Sky Pond and Lake of Glass in the Loch Vale Watershed, Rocky Mountain National Park

Site Description

The Loch Vale watershed is located directly east of the continental divide in Rocky Mountain National Park, Colorado. The watershed is 660 hectares in size and ranges in elevation from 3,110 m (10,201 ft) at the Loch Outlet to 4,009 m (13,153 ft) at Taylor Peak. There are three lakes in the watershed: The Loch, Lake of Glass, and Sky Pond. The watershed is divided into two main sub-basins, with Andrews Creek draining the northern sub-basin and Icy Brook draining the southern sub-basin. The majority of Rocky Mountain National Park is underlain by igneous (granite) and metamorphic (schist and gneiss) formations. The watershed consists of 83% bare rock, boulder fields, and snow/ice; 11% tundra; 5% forest; and 1% subalpine meadow (Baron 1992). The sub-alpine forests of Loch Vale are dominated by Engelmann spruce (Picea englemannii) and sub-alpine fir (Abies lasiocarpa), with the average tree age around 500 years old. Average annual precipitation is 110 cm with 65-80% originating as snow. A more detailed description of the Loch Vale watershed can be found in Baron (1992).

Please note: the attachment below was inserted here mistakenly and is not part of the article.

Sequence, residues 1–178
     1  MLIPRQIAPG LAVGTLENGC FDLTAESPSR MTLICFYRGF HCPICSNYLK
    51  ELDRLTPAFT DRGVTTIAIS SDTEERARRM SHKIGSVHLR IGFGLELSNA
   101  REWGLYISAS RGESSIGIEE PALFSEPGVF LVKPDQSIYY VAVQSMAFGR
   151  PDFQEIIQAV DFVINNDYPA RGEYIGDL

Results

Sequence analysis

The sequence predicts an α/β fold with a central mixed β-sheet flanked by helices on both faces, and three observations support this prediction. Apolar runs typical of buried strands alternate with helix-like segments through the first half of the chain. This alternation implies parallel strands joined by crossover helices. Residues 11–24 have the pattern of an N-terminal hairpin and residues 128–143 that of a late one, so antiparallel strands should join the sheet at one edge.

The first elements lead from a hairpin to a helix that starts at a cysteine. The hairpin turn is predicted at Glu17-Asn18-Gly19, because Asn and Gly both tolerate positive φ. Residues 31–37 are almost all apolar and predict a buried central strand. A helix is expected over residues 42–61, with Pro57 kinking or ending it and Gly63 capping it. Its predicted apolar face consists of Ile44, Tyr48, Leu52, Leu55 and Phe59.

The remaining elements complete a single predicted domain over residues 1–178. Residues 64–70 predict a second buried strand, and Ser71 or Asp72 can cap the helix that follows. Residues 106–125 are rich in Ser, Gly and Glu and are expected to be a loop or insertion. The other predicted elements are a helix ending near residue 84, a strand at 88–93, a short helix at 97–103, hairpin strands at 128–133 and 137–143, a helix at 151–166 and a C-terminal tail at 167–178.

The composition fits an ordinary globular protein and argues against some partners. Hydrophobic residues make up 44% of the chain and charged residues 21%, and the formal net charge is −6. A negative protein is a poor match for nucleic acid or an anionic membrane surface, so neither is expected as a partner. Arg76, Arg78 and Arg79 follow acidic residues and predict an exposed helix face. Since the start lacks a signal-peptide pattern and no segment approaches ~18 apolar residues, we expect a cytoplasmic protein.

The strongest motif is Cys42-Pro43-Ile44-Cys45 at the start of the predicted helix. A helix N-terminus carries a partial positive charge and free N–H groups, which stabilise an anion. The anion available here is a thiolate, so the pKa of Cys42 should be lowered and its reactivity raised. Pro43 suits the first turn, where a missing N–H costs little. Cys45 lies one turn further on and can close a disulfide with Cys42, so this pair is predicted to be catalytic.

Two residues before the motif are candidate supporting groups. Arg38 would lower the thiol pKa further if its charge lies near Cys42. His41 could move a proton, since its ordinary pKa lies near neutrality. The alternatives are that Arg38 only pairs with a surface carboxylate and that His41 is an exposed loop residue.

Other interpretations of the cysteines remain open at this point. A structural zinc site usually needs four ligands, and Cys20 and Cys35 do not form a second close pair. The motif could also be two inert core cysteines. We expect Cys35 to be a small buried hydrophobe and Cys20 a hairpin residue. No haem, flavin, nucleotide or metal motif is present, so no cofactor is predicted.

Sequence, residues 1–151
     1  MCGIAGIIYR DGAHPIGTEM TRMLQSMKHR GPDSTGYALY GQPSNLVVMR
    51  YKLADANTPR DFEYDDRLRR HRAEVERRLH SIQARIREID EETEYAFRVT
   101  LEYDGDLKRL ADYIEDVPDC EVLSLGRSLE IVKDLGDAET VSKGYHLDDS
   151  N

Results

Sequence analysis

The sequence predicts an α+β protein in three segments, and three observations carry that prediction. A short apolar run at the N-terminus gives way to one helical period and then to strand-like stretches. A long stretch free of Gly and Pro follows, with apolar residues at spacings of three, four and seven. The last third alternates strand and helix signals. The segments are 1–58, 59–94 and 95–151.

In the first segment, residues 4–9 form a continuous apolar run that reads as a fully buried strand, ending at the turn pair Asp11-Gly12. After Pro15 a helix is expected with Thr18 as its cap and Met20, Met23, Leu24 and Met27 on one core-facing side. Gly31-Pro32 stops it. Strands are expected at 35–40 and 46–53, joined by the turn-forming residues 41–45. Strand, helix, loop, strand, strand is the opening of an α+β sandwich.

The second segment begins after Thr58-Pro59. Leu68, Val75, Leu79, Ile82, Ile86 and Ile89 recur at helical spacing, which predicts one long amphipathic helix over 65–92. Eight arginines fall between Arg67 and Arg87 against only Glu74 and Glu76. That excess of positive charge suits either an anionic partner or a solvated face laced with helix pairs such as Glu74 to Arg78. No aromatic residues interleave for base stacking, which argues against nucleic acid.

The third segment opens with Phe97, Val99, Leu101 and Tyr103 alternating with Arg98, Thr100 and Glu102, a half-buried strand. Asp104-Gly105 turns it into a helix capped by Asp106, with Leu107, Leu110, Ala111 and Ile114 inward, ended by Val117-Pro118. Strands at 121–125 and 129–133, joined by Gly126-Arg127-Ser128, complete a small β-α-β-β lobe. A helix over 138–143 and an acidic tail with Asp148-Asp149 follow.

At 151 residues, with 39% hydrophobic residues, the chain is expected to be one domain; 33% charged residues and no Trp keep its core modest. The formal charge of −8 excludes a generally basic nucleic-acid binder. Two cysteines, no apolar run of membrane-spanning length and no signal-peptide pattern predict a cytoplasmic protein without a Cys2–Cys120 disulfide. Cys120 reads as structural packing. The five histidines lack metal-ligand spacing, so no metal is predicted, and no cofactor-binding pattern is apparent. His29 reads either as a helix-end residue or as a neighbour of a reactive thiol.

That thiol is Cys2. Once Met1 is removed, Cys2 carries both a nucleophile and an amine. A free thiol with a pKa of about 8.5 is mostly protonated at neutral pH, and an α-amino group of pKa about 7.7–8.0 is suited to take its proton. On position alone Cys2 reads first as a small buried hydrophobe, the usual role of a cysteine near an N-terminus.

Loch Vale Watershed Sampling Sites Map

Loch Vale Watershed Research Program Sampling Sites Map